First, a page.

Paying people to lose weight makes financial sense

It does not surprise me to learn that according to a new study, people who are paid to lose weight lose more than those on traditional diets. I’m sure that cash incentives can persuade people to do just about anything. But yesterday, as Prime Minister David Cameron spelt out the scale of Britain’s debt – £770 million, which is expected to rise to a staggering £1.4 trillion within five years; the idea of paying people to lose weight is not without its critics.

Conservative MP Ann Widdecombe is quoted on Times Online as saying:

“If the NHS had money to spare it would be okay, but the fact is the NHS is short of money. There are plenty of people who cannot get funding to pay for treatment for illnesses.”

The NHS Weight Wins scheme encouraged overweight people to sign up to its slimming programme where they could earn up to £3000. Figures supplied by the NHS showed that the majority of the 745 dieters lost more than 14lbs on average, which was more than double the weight loss by traditional dieters.

According to the founder of the scheme, Winton Rossiter, the results “suggest that long-term financial incentives could be the best single weapon in the war on obesity.”

And with obesity overtaking smoking as the biggest threat to health, drastic action is needed to tackle the problem.

Recent studies paint a bleak picture of the future. Figures from the National Heart Forum from 1993 to 2007, based on the National Health Survey for England, suggests that 41 per cent of men aged 20 to 65 will be obese by 2020, with a further 40 per cent of that age group being overweight.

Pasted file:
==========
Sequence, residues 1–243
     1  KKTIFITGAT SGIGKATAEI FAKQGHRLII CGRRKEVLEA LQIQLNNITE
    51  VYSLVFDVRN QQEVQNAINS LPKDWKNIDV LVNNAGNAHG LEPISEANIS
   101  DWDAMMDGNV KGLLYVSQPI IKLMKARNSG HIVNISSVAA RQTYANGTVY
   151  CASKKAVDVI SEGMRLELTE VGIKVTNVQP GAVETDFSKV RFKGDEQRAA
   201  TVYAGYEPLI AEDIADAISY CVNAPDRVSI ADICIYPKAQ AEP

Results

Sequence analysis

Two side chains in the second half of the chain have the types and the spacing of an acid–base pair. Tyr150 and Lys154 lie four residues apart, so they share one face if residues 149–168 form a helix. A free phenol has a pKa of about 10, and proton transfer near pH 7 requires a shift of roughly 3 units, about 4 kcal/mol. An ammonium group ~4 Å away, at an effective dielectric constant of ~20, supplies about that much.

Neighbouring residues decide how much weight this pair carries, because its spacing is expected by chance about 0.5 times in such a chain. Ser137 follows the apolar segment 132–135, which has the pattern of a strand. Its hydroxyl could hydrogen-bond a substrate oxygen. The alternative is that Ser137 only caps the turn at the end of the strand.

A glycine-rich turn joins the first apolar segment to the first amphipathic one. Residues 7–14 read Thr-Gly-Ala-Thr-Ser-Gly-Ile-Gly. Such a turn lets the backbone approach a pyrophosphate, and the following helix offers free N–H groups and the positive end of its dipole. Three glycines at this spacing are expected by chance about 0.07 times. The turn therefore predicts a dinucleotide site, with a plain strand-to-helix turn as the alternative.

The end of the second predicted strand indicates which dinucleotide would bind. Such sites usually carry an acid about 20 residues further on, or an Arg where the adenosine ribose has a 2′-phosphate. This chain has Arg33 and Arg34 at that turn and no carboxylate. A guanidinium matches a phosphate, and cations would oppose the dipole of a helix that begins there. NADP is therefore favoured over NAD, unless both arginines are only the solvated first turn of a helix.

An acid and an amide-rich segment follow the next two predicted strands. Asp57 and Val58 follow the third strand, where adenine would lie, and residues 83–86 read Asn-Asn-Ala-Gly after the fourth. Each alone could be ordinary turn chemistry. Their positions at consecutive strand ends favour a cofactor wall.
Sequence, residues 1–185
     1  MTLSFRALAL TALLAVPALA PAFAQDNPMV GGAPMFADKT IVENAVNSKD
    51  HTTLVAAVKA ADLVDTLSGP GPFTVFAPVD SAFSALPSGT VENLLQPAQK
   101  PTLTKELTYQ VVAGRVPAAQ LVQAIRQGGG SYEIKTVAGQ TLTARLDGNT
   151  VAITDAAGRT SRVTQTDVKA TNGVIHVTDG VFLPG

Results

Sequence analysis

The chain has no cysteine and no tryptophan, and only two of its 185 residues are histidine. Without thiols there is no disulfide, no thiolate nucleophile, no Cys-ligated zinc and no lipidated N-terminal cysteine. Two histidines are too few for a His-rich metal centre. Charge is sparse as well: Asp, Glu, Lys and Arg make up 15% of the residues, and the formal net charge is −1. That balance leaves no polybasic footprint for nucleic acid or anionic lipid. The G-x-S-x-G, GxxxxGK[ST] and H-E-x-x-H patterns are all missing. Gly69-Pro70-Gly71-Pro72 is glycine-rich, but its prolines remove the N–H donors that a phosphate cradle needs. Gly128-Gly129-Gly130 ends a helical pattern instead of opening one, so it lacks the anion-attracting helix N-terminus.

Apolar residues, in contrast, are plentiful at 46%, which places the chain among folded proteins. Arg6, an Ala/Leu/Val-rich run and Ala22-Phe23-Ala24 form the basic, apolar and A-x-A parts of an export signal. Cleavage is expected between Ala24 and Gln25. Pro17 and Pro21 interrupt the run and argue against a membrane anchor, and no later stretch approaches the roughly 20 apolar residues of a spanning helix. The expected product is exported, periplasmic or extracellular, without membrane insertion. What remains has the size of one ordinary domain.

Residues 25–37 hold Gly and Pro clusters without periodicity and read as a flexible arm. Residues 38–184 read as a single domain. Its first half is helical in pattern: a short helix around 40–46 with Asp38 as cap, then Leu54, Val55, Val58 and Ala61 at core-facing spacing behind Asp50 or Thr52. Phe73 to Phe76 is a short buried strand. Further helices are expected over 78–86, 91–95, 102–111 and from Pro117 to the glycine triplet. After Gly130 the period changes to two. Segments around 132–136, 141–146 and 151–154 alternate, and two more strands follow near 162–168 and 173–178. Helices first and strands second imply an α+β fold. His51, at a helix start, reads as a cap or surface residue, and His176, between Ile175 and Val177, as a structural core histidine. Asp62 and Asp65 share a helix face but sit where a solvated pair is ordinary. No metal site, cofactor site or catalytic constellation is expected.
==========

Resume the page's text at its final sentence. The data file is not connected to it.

So in the next ten years, eight out of ten men will be fat. Thirty six per cent of women are predicted to be obese and a further 32 per cent expected to be overweight. So almost seven out of ten women will be fat in ten years time – what a prospect!

According to a House of Commons report, the direct cost of treating obesity is £480 million, but the indirect costs, such as loss of earnings due to sickness and premature death amount to around £2.1 billion. The projected combined figure for 2010 is £3.6 billion.

So whilst it may seem crazy to be paying overweight people to shed pounds, it could actually prove to be cost-effective. Rossiter estimates that the Weight Wins scheme could save the NHS £1.7 billion in lifetime medical expenses for every million people who participate in the programme.

At a time when 31 million adults in Britain are obese or overweight, that could amount to billions of pounds worth of savings. Critics of the scheme like Ann Widdecombe may argue that the NHS cannot afford such a scheme, but the real question is whether we can afford not to pay people to lose weight.

Surely it makes sense to do so to ensure a healthy nation in the future and to avoid spending billions of pounds tackling only the symptoms of obesity, instead of implementing a strategy that delivers positive results?